what can help dilute toxin if accidental poisoning occurs?
water (but avoid giving in large amounts, may accelerate gastric emptying)
*milk may delay vomiting
when should you intubate a client that has accidentally ingested poison?
comatose, seizing, absent gag reflex
how is gastric lavage done?
-intubated and head position down/left
-lare oro/NG tube inserted and repeated irrigations of NS until clear (no more than 10 mL / kg)
what helps to absorb poisonous compunds?
how to give activated charcoal
-give within 30 min of ingestion
-mix with water to make syrup; give PO or via gastric tube
tinnitus, nausea, sweating, dizziness
early: respiratory alkalosis
late: metabolic acidosis
how to treat a salicylate overdose?
1. induce vomiting (gastric lavage with activated charcoal)
2. monitor vitals and lab values
3. maintain IV hydration and electrolyte replacement
4. reduce temp
5. IV sodium bicarb enhances excretion
when does acetaminophen become toxic?
*s/s: nausea, vomiting, sweating, pallor, hypothermia, slow and weak pulse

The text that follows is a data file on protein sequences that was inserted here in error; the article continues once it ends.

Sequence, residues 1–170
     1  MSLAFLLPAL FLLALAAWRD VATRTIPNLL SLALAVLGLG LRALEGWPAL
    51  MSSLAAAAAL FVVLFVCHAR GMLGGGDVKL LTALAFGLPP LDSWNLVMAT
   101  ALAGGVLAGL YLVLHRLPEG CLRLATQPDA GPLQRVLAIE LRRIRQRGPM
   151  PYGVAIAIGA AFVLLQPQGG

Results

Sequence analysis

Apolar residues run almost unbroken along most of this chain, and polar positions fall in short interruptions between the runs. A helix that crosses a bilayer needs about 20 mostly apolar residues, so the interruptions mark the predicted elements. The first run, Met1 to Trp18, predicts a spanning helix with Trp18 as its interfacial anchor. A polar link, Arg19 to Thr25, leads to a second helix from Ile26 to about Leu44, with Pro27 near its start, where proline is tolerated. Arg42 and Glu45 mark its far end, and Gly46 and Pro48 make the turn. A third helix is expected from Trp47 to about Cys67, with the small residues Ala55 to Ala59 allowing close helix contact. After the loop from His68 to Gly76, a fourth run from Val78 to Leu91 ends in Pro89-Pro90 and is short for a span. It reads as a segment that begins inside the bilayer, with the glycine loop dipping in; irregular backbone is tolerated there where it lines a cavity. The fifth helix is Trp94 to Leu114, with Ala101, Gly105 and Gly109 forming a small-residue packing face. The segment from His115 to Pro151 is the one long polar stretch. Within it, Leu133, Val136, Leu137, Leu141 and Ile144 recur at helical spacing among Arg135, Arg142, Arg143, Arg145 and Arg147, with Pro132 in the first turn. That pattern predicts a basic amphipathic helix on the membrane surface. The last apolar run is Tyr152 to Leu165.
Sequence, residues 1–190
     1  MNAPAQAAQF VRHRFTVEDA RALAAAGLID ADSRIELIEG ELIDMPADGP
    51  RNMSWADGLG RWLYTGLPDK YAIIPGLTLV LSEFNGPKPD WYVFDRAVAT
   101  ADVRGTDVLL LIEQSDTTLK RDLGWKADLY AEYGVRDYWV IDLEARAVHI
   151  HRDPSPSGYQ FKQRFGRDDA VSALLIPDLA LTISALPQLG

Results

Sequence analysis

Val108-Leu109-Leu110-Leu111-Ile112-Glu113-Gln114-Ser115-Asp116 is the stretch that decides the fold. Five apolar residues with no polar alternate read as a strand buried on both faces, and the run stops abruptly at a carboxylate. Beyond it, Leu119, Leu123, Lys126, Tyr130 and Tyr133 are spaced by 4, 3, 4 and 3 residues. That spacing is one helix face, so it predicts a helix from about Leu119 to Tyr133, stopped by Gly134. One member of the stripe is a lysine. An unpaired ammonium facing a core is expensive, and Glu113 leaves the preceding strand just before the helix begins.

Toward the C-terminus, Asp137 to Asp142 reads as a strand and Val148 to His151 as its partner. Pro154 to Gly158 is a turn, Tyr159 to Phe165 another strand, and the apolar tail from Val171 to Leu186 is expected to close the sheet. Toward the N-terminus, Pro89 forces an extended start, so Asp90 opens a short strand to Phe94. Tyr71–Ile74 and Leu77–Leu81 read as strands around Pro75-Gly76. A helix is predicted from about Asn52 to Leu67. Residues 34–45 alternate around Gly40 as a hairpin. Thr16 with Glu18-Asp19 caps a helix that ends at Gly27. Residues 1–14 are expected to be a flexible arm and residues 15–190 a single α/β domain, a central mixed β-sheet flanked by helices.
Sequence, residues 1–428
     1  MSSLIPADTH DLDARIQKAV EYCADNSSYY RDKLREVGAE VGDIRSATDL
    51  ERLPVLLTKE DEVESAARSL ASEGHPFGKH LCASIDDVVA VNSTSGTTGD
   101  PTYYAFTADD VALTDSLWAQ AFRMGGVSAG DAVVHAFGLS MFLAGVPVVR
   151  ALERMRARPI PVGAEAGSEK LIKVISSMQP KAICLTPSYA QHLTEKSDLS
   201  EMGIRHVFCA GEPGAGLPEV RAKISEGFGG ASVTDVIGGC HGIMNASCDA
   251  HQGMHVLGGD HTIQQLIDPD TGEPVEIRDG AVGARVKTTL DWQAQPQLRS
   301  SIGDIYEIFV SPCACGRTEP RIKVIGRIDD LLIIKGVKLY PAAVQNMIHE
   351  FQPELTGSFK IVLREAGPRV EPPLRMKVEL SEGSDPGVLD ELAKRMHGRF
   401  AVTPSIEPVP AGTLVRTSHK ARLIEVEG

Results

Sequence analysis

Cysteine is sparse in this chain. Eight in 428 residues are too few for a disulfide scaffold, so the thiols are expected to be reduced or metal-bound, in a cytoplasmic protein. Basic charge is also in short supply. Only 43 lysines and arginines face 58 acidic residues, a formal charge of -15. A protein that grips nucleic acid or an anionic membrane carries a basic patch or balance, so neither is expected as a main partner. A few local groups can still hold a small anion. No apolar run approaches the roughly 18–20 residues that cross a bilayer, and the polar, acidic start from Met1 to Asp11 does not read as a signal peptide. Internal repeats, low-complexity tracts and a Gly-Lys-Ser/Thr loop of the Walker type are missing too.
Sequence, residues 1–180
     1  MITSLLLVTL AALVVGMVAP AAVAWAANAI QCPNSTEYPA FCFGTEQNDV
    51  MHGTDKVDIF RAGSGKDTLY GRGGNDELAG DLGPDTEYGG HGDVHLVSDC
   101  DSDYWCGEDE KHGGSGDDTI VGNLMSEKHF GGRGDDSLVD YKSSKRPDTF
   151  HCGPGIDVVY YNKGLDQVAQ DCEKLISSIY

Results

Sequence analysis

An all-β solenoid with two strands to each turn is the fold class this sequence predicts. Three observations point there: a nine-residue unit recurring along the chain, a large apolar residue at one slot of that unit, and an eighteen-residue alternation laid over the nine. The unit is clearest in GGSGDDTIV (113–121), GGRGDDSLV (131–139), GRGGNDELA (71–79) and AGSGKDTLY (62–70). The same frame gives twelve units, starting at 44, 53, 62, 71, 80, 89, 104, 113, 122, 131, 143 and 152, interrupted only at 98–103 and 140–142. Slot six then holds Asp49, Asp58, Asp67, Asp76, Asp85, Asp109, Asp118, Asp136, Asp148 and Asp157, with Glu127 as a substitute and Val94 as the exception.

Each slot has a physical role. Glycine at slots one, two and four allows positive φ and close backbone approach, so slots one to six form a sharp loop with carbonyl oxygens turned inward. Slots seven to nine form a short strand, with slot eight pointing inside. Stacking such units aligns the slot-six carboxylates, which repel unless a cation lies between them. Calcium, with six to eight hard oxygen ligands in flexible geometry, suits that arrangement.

Antidote for acetaminophen toxicity
What is the biggest worry with acetaminophen overdose?
Watch ALT & AST levels
hazardous materials causing immediate threat to life:
*treat, then decontaminate
clients with occluded airway or hemorrhaging:
clients with moderate burn or eye injury:
broken bone or needs stitches
how to treat clients in an emergency?
2. lab tests
3. diagnostic procedures
itching with small papule or vesicle
-enlarged painless lesion with necrotic center forms
-black eschar forms, sloughs off
how to treat a client with anthrax cutaneous?
-clothes in plastic bags & labeled
-have client shower with soap, water, and shampoo
-wear gloves, gown, and respiratory protection